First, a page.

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Top of the Week!
Labor Day is coming up fast! Join fellow Rotarians at our celebration of Uganda, at the 3S Artspace Portsmouth on Labor Day Monday, 3-5PM. Music, talks about Uganda, and a joint concert with local Rotarians and our visitors, here training in peace and conflict resolution with Rotary and Friends Forever as part of a district Global Grant.
Tickets just $10 for individuals or $15 for your whole family. Bring a friend! Register here:
Hope to see you there.
United Way Day of Giving Slated for September 11th
Yes it is September already! Our club is participating in this year’s United Way Day of Caring. This is an all-day event scheduled for Friday, September 11th and we are slated to help out at Families First at Community Campus.
While participants must be 18 years old, there will be lighter work for all Rotarians regardless of age or physical ability. We are looking for a minimum of 10 people to participate. (If you can only provide half a day, we can make accommodations)
Families First will be providing lunch and United Way will be providing T-Shirts to all volunteers, so please reply to event coordinator Leo Gagnon (207- 451-7280, email@example.com ) with confirmation of participation and shirt size.
Calling All Brainiacs
Just a little teaser here. There is a movement afoot to organize and host a Trivia Contest (similar to the one put on by the Exeter club, but with Portsmouth flair). Keep the evening of Friday, November 6 open if you are inclined to participate.
Rotary Log for meeting of August 28, 2015
by Ben Babcock
Photos by Leo Gagnon
President Bill presided on a beautiful summer day. He encouraged everyone to enjoy the remaining days of summer. The thought of the season’s end provoked more than a few groans.
Guests were introduced following the pledge of allegiance, the four way test and the invocation from Rev. Allen. President Bill then moved to Birthdays – remarking on the longevity of so many of the club’s members. Janice Woods, Nick Aeschliman, John Bohenko, Jamie DeStefano and John Gray were acknowledged for their many years in Rotary.
Several Happy Dollars followed – a good take for the coffers!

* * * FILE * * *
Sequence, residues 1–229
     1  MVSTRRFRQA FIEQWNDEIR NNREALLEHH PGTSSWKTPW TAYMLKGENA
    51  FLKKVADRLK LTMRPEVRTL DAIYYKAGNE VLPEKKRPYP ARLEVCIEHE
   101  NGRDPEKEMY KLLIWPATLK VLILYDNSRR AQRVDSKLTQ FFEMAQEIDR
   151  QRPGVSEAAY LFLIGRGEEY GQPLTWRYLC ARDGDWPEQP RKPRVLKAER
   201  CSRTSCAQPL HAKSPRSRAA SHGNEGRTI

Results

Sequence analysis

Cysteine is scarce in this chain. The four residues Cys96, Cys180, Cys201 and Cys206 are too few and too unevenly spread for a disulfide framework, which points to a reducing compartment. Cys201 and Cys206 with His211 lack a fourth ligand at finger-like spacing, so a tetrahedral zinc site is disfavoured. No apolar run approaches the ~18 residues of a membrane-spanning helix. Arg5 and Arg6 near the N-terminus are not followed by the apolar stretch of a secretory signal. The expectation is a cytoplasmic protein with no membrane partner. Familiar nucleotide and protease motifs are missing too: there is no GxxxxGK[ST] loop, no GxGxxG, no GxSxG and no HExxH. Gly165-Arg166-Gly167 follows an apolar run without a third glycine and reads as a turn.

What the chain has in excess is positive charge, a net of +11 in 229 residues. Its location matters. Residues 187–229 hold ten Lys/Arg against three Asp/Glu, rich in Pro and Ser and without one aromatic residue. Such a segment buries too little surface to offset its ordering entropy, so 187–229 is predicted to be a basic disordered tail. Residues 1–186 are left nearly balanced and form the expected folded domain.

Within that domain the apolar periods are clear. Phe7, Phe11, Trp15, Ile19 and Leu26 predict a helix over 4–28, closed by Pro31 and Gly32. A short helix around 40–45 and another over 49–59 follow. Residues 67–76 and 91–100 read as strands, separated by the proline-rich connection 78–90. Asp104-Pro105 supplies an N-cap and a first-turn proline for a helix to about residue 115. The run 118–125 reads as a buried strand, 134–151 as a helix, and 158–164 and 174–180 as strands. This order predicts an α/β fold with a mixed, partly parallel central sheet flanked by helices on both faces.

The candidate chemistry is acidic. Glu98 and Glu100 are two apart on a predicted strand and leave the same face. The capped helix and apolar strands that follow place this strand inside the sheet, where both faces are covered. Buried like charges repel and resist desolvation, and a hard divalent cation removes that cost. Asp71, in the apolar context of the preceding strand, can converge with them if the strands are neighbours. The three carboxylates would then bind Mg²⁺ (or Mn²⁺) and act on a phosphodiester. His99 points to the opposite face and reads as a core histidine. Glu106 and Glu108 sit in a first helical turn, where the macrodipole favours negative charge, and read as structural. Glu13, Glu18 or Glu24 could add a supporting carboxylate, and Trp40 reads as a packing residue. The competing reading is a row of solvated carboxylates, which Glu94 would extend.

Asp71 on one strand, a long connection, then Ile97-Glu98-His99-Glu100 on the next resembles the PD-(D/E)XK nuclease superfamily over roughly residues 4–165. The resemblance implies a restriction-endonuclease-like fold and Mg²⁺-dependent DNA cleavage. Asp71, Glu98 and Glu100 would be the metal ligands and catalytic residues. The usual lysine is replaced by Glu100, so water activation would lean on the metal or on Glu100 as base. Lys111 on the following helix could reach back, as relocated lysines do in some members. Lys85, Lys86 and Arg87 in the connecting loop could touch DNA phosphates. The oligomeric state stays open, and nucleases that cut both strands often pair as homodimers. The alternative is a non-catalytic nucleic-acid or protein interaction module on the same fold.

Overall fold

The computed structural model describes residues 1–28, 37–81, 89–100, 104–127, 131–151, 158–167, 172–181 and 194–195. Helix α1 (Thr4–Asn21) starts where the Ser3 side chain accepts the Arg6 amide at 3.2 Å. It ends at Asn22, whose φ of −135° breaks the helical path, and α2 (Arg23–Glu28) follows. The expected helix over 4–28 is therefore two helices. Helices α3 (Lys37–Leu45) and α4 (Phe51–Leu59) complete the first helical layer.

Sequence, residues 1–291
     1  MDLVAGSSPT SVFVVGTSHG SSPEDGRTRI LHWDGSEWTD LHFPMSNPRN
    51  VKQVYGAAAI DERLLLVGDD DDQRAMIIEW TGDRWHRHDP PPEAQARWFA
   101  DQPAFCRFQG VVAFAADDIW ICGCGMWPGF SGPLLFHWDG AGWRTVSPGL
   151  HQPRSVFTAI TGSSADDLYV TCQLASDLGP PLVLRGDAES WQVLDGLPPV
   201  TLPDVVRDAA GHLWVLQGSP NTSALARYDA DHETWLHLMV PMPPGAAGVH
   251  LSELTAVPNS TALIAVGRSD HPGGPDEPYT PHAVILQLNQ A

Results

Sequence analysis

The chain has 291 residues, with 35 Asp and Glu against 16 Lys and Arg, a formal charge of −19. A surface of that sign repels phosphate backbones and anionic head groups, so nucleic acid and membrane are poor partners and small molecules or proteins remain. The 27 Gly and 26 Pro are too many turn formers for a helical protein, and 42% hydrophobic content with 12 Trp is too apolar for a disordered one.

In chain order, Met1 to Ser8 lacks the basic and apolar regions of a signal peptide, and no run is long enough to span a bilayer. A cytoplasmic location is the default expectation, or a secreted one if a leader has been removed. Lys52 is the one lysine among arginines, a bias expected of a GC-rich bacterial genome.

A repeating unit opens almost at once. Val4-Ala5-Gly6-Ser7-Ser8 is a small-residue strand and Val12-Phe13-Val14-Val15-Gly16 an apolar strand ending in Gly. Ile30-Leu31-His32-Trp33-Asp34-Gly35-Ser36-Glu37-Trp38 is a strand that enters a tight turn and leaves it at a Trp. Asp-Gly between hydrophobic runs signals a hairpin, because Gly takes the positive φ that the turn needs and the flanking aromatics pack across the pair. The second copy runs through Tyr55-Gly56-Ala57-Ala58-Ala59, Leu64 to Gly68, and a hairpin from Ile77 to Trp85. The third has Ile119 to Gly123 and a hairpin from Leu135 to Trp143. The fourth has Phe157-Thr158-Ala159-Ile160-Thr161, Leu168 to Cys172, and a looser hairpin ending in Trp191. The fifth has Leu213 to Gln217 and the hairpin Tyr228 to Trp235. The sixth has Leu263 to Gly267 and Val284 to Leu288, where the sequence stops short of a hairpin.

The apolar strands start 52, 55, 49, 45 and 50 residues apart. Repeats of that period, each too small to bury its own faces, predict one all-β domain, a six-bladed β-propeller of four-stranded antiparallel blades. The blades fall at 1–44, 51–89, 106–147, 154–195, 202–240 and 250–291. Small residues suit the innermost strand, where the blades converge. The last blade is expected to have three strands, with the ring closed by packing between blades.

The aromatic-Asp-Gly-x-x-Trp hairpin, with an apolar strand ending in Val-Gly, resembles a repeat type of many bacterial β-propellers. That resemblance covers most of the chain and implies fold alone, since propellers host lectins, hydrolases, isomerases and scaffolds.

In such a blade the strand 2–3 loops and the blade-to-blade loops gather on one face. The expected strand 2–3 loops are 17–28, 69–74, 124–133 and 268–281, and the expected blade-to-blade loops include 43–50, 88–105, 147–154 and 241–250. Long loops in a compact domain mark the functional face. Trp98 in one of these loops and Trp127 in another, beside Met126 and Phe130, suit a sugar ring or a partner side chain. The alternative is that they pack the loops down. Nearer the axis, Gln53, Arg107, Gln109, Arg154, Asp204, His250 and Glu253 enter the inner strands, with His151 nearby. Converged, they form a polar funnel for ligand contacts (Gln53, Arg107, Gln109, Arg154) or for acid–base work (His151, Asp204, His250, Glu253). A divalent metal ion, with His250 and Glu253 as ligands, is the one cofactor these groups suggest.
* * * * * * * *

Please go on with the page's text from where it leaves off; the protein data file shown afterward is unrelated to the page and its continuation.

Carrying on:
Announcements began with some important upcoming dates from President Bill. Sept 10th is the Club Barbeque and group photograph. On September 12th the Rotary Club of Portland, Maine is celebrating its 100th anniversary. Senator Angus King will be the visiting speaker – all are welcome to attend. Saturday October 24th is the Bridge the Gap Polio Walk.
Stanford Cross requested volunteers to assist with the Disability Awareness Regatta on September 13th. Volunteers were also requested for the 20th annual Fall Festival at Scamman Farm on September 19th . More volunteers are needed for the Uganda Celebration on Labor Day September 7th from 3-5pm. Katherine Edison requested volunteers for the Rotary Reads Committee.
Neal Ouellett introduced the clubs newest member, “Cuzin” Richard Smith. Cuzin Richard is honored and excited to be a part of the club.
Dave Holden introduced the guest speaker – the club’s own Steve Dubois. Steve has been the Police Chief in Portsmouth since 2012. His talked about the unsolved homicides of Portsmouth, covering four cases dating back to 1981. The cases involve the brutal murders of Laura Kempton and Tammy Little. He also discussed two other arson-related homicides.
Chief Dubois has been personally invested in the four cases since he joined the department. Early-on, he spent many off-duty nights pouring through evidence, taking notes, and tracking down leads. Over time, he ensured that these cases remained assigned to detectives within the department. Further, he encouraged officers to continue to work towards solving the crimes. The City Council has also passed a budget to allow officers to carry on this effort. It’s a tribute to the community commitment to find justice for the victims.
In his talk, Chief Dubois touched upon the particular challenges posed in each of the investigations. Many of the forensic technologies that we take for granted today were only in their infancy back in the day. DNA analysis, fingerprinting, and other forensic techniques have advanced significantly in recent years. These gains can still be useful in solving “cold cases.” On many occasions, they have shed new light on old investigations.
In the Kempton case, new DNA technology allowed Police to create a “DNA Profile” of a suspect. The samples were collected more than 20 years ago. Still, the passage of time degrades physical evidence and makes other aspects of solving these cases more difficult. But there is still reason to be optimistic. Chief Dubois praised his department for their diligent work to crack these mysterious cases year after year. And he acknowledged the quality of the department in general.
A "suspect" being rounded up.
The 50/50 raffle was won by Stella Scamman, who also drew a match of $75!
Respectfully submitted, Ben Babcock